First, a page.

Frank McCourt’s former law firm sues him

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Frank McCourt got sued yesterday by his former law firm, Bingham McCutchen. This is a suit for declaratory judgment, which for all practical purposes means that they sued McCourt because it was obvious that he was going to sue them, and they wanted to get the drop on him. Bingham (a) is asking for a declaration that it did no wrong when it represented McCourt and his wife when drafting up the marital property agreement that is the subject of the divorce case; and (b) is asking to get paid, because McCourt has apparently not done so.

Nor would I have, frankly, because Bingham screwed the pooch here.  You’ll recall that the reason Jamie McCourt was declared to be a co-owner of the Dodgers in the lawsuit was because the judge invalidated the marital property agreement that was designed to cut her out. He did so because the Bingham lawyer who as in charge of it messed up and then replaced the document Frank McCourt thought he was getting — the one with him listed as sole owner of the Dodgers — for the mistaken one that showed Jamie as co-owner.  Mistakes happen, but when you’re a lawyer you don’t fix ’em by pulling the old switcheroo.  By doing so, the Bingham’s lawyer allowed Jamie to argue — against what seemed like common sense and the parties’ intentions — that, sure, she was always supposed to own the team.  And now, legally speaking, she does.

It’s always better to be the plaintiff than a defendant, of course, especially because you get to pick the court and get the first crack at framing the issues. Bingham has done that, picking Massachusetts as the forum and casting this as a case in which McCourt’s damages are all of his own doing.  I’m the last person who will deny that McCourt has shot himself in the foot several times, but boy howdy, is it a tough sell to say that his acts, as opposed to the incompetence of the Bingham lawyer in charge of the marital property agreement, are what led to the current fragmented state of the Dodgers ownership.  And it has likely cost McCourt a couple hundred million dollars.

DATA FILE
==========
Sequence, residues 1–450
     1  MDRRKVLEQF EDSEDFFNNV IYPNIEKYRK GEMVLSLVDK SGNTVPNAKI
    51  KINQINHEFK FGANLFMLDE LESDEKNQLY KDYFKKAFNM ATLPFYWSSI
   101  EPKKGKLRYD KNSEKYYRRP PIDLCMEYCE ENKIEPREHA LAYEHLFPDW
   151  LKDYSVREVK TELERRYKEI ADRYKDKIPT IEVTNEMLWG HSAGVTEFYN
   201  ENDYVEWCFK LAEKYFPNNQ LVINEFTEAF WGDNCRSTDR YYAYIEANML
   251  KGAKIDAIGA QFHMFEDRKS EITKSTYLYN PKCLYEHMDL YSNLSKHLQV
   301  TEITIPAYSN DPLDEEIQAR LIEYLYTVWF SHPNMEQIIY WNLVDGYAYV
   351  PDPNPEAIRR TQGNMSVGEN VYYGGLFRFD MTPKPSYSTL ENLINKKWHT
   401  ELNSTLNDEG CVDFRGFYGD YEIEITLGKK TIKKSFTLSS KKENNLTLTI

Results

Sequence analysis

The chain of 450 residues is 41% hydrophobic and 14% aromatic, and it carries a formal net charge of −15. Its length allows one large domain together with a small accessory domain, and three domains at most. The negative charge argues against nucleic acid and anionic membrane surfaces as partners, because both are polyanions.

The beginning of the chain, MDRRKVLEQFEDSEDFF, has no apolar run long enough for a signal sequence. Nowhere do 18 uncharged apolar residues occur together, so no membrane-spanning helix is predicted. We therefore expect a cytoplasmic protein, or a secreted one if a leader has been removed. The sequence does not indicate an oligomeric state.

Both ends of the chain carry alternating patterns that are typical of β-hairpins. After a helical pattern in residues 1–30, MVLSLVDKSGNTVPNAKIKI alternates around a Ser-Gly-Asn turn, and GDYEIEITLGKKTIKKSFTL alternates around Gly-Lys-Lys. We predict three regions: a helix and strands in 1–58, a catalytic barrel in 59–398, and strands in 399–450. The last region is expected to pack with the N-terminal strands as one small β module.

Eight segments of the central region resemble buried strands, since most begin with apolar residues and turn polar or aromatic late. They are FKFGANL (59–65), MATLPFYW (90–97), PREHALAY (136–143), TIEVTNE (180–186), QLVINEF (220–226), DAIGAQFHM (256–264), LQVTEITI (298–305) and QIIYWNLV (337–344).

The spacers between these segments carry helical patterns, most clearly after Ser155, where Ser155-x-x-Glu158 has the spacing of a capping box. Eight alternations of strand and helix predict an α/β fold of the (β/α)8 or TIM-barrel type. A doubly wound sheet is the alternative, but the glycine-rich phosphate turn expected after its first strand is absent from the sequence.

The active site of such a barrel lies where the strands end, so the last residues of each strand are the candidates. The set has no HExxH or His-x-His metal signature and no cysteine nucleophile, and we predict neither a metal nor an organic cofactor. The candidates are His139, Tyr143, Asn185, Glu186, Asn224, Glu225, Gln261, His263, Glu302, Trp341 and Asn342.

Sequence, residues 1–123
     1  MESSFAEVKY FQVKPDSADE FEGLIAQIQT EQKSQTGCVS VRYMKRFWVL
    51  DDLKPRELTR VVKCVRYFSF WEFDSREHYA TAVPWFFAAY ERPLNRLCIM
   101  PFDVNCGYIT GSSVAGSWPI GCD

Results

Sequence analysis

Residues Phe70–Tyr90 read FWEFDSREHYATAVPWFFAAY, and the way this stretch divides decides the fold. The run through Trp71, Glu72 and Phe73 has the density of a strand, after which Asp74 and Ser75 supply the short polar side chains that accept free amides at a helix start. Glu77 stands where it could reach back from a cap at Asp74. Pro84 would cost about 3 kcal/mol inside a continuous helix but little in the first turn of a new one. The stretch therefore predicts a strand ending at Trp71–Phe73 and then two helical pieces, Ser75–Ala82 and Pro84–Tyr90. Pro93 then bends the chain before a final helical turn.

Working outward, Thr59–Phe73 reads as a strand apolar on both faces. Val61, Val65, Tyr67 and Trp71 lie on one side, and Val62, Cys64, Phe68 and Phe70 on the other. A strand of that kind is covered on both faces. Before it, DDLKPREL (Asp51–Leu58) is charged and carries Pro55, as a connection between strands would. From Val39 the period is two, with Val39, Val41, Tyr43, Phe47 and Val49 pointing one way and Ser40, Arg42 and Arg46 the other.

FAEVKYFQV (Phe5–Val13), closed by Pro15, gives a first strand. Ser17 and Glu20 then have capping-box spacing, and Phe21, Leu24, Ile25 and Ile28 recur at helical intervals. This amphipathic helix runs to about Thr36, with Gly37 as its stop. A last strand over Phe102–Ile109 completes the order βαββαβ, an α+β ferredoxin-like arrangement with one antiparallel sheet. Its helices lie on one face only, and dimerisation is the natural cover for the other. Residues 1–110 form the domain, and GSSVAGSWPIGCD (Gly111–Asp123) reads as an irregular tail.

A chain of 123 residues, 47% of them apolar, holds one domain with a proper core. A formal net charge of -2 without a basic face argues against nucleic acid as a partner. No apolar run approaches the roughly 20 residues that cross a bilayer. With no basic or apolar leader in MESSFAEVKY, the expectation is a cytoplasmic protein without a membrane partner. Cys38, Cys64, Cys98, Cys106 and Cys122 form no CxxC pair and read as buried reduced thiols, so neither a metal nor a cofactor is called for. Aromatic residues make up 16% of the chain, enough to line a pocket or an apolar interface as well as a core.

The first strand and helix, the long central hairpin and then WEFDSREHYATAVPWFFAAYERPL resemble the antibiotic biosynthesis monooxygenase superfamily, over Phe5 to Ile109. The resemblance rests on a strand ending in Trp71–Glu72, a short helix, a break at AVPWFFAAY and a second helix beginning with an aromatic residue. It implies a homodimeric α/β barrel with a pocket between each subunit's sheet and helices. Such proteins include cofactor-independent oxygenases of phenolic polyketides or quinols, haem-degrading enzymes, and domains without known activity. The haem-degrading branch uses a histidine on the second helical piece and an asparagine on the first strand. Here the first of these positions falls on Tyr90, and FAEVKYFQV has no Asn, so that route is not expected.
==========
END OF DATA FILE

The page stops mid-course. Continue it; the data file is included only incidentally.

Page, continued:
Report: Mariners interested in Asdrubal Cabrera

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Matt Ehalt of The Record reports that the Mariners may have some interest in acquiring second baseman Asdrubal Cabrera from the Mets. The club hasn’t confirmed anything of the kind, naturally, but the prevailing thought is that they’ll need some insurance at second base if they reach the playoffs, since Cano’s current 80-game suspension precludes him from participating in any postseason series.

On Friday, club GM Jerry Dipoto revealed that Cano will likely return to the team as a first baseman once his suspension expires, while second baseman/outfielder Dee Gordon is slated to remain at the keystone for the foreseeable future. With the infield all but set in stone, however, Dipoto said that acquiring position players at this year’s deadline isn’t likely to be a “primary concern,” especially as the team focuses on strengthening their pitching staff prior to making a run at the postseason.

Still, there’s a case to be made for Cabrera. The 32-year-old second baseman has already improved on some of last year’s totals and is currently batting .282/.335/.492 with 17 home runs (16 more than Gordon has tallied so far in 2018), 21 doubles and an .827 OPS in 385 plate appearances. He could provide some much-needed support behind Gordon until Cano’s suspension lifts on August 14; following the end of the 2018 season, he’s scheduled to enter the free agent pool for 2019.